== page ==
- Marshall Steinbaum, Assistant Professor, Department of Economics, University of Utah
- Randy Stutz, Vice President of Legal Advocacy, American Antitrust Institute
- Samuel Weglein, Managing Principal, Analysis Group, Inc.
Panel 3: Labor Unions and Collective Bargaining
The panel will address the latest developments in case law and public policy regarding statutory and non-statutory labor exemptions from the antitrust laws for collective bargaining and other union activity. Panelists also will discuss how the evolving status and classification of workers, including workers in the digital economy, dovetails with these labor exemptions.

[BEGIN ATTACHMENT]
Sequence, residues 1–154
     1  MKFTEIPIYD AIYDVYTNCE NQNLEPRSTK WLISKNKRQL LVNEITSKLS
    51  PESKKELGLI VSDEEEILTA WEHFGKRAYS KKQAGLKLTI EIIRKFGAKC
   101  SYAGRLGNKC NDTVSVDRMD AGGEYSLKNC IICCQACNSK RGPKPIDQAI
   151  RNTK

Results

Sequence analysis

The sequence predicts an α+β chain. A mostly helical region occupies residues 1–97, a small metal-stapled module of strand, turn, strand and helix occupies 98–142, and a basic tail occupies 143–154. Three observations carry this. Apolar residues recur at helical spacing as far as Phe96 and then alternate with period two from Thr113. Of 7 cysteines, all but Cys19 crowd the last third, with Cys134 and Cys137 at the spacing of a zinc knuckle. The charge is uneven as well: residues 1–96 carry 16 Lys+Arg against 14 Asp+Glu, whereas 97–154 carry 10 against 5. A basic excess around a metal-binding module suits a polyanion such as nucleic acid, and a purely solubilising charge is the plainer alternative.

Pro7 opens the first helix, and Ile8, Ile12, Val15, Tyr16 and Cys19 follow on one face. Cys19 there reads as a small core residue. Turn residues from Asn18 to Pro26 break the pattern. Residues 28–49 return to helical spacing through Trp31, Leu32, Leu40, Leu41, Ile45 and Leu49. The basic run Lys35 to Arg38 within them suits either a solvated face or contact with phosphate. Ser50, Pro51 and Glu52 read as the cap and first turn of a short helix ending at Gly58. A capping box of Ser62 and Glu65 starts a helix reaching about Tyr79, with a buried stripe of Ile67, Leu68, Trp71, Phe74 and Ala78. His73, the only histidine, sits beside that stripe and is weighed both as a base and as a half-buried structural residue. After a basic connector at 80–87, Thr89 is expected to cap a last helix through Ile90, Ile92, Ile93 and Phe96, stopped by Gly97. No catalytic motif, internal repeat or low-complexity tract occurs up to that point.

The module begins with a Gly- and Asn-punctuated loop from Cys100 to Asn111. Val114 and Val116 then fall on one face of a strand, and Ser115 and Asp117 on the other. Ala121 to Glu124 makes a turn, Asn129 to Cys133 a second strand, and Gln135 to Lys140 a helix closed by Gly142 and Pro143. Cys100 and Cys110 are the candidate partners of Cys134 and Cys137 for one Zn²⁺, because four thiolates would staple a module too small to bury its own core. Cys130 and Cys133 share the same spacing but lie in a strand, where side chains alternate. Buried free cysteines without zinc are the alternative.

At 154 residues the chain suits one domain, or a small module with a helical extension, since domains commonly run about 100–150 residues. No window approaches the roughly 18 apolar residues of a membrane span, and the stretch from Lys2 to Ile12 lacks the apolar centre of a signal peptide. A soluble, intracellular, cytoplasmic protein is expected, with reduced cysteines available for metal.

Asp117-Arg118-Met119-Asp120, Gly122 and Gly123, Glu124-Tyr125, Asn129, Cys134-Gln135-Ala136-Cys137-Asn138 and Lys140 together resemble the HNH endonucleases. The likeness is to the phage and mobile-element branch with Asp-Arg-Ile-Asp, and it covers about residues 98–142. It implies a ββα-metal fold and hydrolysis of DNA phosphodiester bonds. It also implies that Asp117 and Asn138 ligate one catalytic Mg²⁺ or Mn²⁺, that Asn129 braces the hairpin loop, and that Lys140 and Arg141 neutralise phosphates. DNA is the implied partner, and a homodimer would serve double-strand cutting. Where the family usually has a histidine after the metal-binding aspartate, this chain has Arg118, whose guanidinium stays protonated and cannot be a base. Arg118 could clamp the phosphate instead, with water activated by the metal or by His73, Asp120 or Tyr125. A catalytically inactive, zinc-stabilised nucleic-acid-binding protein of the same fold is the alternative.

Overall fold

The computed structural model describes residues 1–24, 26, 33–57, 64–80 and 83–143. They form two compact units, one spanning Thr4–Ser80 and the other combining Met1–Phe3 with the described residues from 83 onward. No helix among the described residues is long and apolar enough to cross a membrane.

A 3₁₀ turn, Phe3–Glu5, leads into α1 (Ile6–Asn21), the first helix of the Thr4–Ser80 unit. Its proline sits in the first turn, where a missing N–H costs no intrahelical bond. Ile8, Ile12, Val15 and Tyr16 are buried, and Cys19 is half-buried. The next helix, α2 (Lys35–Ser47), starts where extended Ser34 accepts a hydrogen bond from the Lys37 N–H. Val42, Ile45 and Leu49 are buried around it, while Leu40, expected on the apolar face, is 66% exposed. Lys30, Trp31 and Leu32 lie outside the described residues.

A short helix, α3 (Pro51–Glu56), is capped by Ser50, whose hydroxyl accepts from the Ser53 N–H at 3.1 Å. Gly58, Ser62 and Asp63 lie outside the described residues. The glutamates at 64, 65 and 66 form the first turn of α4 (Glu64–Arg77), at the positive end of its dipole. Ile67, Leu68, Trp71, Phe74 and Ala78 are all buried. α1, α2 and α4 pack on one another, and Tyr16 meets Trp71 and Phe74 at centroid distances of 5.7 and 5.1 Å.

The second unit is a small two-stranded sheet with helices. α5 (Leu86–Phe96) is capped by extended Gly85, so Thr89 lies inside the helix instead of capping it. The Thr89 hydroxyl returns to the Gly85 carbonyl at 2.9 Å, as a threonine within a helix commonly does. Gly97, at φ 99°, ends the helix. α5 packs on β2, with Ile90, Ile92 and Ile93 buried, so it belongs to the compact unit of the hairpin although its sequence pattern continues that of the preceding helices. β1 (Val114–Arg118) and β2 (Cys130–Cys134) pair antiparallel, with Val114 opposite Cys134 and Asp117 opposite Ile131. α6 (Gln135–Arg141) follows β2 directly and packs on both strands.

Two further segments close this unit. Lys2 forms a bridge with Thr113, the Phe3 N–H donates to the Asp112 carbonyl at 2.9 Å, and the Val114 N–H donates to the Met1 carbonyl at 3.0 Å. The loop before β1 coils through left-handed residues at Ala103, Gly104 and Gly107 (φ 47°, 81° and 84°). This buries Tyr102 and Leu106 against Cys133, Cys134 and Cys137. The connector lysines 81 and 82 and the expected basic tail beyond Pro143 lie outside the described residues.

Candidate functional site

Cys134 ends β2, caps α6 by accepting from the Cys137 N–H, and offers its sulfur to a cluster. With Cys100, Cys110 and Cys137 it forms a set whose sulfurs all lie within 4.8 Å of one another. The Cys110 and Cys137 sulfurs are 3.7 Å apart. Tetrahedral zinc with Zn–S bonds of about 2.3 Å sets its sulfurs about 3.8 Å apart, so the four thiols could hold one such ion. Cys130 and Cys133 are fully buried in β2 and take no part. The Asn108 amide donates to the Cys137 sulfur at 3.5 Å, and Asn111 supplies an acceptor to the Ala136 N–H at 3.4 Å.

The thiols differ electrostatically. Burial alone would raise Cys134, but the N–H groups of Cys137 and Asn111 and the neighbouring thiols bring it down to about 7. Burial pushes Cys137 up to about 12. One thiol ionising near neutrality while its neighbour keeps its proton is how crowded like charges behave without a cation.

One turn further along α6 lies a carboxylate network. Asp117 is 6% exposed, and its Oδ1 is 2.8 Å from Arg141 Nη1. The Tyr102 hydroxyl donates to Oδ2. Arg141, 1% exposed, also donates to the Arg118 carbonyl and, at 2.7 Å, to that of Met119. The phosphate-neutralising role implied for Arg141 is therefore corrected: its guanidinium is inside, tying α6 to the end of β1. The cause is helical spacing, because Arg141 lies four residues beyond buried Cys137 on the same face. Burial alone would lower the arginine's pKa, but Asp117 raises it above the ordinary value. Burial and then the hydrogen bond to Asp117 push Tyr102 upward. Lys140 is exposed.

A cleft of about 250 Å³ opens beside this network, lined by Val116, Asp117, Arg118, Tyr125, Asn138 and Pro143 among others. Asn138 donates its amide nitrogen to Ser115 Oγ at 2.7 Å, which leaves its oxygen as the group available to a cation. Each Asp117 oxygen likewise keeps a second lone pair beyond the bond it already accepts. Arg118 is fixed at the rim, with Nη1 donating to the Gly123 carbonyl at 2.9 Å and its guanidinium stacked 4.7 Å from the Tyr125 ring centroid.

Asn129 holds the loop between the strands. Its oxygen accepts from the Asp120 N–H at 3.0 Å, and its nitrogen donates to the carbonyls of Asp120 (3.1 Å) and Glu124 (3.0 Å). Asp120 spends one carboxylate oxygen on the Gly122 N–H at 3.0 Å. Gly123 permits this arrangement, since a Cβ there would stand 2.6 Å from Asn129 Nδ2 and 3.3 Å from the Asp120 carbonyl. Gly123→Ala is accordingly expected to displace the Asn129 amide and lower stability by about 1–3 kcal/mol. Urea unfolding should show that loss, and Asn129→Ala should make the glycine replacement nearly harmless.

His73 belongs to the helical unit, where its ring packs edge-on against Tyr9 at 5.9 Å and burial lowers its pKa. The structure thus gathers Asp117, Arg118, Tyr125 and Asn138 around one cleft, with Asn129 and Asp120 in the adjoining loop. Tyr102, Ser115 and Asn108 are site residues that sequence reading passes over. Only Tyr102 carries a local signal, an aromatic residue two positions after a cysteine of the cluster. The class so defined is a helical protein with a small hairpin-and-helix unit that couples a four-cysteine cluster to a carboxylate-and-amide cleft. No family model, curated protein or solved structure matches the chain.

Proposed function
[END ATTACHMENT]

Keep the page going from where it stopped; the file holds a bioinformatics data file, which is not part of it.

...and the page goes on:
- Jonathan Berry, Principal Deputy Assistant Secretary for Policy, U.S. Department of Labor
- W. Stephen Cannon, Constantine Cannon LLP
- Matthew Ginsburg, Associate General Counsel, AFL-CIO
- Jeffrey Kessler, Winston & Strawn LLP
- Derek Ludwin, Covington & Burling LLP
- Sanjukta Paul, Assistant Professor of Law, Wayne State University
- Ronald Drennan, Acting Economics Director of Enforcement
The Department of Justice invites comments from the public on the topics covered by this workshop. Interested parties may submit public comments online now through Oct. 23, 2019 at ATR.LaborWorkshop.Info@usdoj.gov.